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T-Space at The University of Toronto Libraries >
Journal of Medical Internet Research >
Volume 10 (2008)  >

Please use this identifier to cite or link to this item: http://hdl.handle.net/1807/16651


Title: Design and Implementation of an Interactive Website to Support Long-Term Maintenance of Weight Loss
Authors: Stevens, Victor J
Funk, Kristine L
Brantley, Phillip J
Erlinger, Thomas P
Myers, Valerie H
Champagne, Catherine M
Bauck, Alan
Samuel-Hodge, Carmen D
Hollis, Jack F
Keywords: Original Paper
Internet
website design
behavioral interventions
weight loss
weight maintenance
Issue Date: 25-Jan-2008
Publisher: Gunther Eysenbach; Centre for Global eHealth Innovation, Toronto, Canada
Citation: Victor J Stevens, Kristine L Funk, Phillip J Brantley, Thomas P Erlinger, Valerie H Myers, Catherine M Champagne, Alan Bauck, Carmen D Samuel-Hodge, Jack F Hollis. Design and Implementation of an Interactive Website to Support Long-Term Maintenance of Weight Loss. J Med Internet Res 2008;10(1):e1 <URL: http://www.jmir.org/2008/1/e1/>
Abstract: [This item is a preserved copy and is not necessarily the most recent version. To view the current item, visit http://www.jmir.org/2008/1/e1/ ] Background: For most individuals, long-term maintenance of weight loss requires long-term, supportive intervention. Internet-based weight loss maintenance programs offer considerable potential for meeting this need. Careful design processes are required to maximize adherence and minimize attrition. Objective: This paper describes the development, implementation and use of a Web-based intervention program designed to help those who have recently lost weight sustain their weight loss over 1 year. Methods: The weight loss maintenance website was developed over a 1-year period by an interdisciplinary team of public health researchers, behavior change intervention experts, applications developers, and interface designers. Key interactive features of the final site include social support, self-monitoring, written guidelines for diet and physical activity, links to appropriate websites, supportive tools for behavior change, check-in accountability, tailored reinforcement messages, and problem solving and relapse prevention training. The weight loss maintenance program included a reminder system (automated email and telephone messages) that prompted participants to return to the website if they missed their check-in date. If there was no log-in response to the email and telephone automated prompts, a staff member called the participant. We tracked the proportion of participants with at least one log-in per month, and analyzed log-ins as a result of automated prompts. Results: The mean age of the 348 participants enrolled in an ongoing randomized trial and assigned to use the website was 56 years; 63% were female, and 38% were African American. While weight loss data will not be available until mid-2008, website use remained high during the first year with over 80% of the participants still using the website during month 12. During the first 52 weeks, participants averaged 35 weeks with at least one log-in. Email and telephone prompts appear to be very effective at helping participants sustain ongoing website use. Conclusions: Developing interactive websites is expensive, complex, and time consuming. We found that extensive paper prototyping well in advance of programming and a versatile product manager who could work with project staff at all levels of detail were essential to keeping the development process efficient. Trial Registration: clinicaltrials.gov NCT00054925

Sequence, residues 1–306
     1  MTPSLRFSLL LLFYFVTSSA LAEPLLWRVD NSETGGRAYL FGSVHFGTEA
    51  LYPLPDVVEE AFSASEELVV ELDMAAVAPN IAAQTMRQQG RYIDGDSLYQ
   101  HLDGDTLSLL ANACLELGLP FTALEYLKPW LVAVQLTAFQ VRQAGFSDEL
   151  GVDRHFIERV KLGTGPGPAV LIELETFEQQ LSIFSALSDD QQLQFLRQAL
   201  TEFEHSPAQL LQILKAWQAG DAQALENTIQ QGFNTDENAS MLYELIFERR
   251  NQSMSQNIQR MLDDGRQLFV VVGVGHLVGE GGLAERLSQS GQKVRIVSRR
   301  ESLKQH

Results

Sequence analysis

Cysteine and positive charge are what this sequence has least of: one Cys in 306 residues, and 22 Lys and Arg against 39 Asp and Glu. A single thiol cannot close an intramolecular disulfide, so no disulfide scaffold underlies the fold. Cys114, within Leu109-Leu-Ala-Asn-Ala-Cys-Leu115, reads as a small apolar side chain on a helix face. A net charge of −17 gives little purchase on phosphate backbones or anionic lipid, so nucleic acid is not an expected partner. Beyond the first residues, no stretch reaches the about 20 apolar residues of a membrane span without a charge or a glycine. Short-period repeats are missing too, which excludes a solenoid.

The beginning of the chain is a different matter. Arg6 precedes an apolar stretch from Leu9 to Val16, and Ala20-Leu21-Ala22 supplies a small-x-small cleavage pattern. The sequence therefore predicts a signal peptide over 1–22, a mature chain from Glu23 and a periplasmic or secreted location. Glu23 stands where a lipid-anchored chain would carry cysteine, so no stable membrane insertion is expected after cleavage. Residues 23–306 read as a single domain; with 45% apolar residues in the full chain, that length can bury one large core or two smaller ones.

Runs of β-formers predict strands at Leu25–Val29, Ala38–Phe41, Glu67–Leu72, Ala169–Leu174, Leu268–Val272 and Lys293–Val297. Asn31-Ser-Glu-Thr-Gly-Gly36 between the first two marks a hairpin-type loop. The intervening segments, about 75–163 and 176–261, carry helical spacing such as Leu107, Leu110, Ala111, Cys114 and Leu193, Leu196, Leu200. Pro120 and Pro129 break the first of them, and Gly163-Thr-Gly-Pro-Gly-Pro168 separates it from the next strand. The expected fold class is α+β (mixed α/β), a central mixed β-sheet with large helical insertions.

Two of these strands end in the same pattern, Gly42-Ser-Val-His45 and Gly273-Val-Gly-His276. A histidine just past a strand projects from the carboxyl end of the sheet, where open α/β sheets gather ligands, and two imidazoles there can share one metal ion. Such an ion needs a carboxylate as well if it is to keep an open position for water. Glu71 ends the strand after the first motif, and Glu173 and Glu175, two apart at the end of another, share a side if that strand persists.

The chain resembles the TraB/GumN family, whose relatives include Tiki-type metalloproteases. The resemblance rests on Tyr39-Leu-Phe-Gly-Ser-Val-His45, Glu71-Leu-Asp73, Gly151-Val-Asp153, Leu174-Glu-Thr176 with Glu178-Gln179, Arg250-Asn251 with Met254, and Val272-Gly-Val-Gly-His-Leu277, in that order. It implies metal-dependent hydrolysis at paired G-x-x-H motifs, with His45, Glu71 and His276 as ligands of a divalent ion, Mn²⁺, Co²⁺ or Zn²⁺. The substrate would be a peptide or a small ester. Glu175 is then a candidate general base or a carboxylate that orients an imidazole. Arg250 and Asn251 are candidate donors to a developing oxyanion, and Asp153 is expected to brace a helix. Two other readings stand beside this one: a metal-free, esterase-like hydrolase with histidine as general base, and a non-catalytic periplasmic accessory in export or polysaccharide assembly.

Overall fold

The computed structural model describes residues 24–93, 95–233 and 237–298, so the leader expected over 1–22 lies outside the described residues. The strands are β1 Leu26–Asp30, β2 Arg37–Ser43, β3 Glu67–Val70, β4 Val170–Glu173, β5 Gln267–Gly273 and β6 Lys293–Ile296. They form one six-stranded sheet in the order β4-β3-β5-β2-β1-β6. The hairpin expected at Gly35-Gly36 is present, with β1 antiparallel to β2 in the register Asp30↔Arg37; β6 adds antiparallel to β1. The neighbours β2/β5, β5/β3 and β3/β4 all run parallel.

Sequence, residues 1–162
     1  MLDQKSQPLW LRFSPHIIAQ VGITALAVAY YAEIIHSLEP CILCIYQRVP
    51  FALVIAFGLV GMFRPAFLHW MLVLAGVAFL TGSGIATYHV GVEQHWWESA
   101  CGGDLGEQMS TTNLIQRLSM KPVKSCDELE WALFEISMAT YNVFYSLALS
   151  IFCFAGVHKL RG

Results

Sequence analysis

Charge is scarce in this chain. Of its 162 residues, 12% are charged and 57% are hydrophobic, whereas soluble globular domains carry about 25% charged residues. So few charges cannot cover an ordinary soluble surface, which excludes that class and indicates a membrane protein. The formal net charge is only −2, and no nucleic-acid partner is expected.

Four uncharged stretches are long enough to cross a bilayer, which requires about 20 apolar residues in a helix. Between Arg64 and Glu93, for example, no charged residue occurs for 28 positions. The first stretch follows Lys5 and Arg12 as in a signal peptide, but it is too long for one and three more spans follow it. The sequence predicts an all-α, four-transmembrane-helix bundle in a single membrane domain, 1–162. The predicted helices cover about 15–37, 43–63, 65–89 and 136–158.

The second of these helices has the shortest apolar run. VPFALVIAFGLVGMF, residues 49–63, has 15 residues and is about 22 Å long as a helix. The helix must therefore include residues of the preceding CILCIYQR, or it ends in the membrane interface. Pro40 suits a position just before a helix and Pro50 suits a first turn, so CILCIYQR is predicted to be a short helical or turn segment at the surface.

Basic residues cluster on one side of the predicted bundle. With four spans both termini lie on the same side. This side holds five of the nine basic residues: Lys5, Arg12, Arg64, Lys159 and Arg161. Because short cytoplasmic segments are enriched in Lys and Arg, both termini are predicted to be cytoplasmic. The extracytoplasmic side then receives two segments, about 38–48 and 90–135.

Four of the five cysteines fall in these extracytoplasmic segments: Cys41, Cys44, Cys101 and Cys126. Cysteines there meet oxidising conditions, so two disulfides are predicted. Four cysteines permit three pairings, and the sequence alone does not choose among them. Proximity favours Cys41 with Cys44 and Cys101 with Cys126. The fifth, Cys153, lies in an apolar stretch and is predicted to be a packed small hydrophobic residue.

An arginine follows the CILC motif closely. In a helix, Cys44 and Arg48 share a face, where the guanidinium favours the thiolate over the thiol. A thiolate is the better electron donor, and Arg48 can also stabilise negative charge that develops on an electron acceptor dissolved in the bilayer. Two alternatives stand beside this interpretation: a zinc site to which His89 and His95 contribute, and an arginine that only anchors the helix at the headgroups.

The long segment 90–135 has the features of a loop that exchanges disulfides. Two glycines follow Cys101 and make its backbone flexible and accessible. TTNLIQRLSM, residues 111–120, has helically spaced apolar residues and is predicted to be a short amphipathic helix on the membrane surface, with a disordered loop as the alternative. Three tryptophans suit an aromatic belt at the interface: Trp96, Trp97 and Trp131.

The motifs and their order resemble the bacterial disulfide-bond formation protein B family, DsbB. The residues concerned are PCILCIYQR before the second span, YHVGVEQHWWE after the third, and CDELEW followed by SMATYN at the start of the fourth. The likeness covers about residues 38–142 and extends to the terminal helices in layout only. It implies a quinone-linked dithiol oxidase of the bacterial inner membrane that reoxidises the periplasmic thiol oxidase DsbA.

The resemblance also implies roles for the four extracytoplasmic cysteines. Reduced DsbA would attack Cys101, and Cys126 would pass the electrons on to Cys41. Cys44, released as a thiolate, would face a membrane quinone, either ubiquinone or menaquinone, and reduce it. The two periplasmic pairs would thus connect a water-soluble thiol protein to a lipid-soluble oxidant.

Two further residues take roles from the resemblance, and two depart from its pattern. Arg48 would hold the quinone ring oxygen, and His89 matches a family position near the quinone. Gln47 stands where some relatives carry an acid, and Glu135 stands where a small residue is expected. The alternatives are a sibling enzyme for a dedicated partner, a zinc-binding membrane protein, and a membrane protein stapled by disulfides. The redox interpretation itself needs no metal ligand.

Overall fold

Description: Reviewer: Sherwood, Nancy
Reviewer: Wright, Julie
Reviewer: Bensley, Robert
URI: http://dx.doi.org/ 10.2196/jmir.931
http://hdl.handle.net/1807/16651
ISSN: 1438-8871
Rights: © Victor J Stevens, Kristine L Funk, Phillip J Brantley, Thomas P Erlinger, Valerie H Myers, Catherine M Champagne, Alan Bauck, Carmen D Samuel-Hodge, Jack F Hollis. Originally published in the Journal of Medical Internet Research (http://www.jmir.org), 25.01.2008. Except where otherwise noted, articles published in the Journal of Medical Internet Research are distributed under the terms of the Creative Commons Attribution License (http://www.creativecommons.org/licenses/by/2.0/), which permits unrestricted use, distribution, and reproduction in any medium, provided the original work is properly cited, including full bibliographic details and the URL (see "please cite as" above), and this statement is included.
Appears in Collections:Volume 10 (2008)

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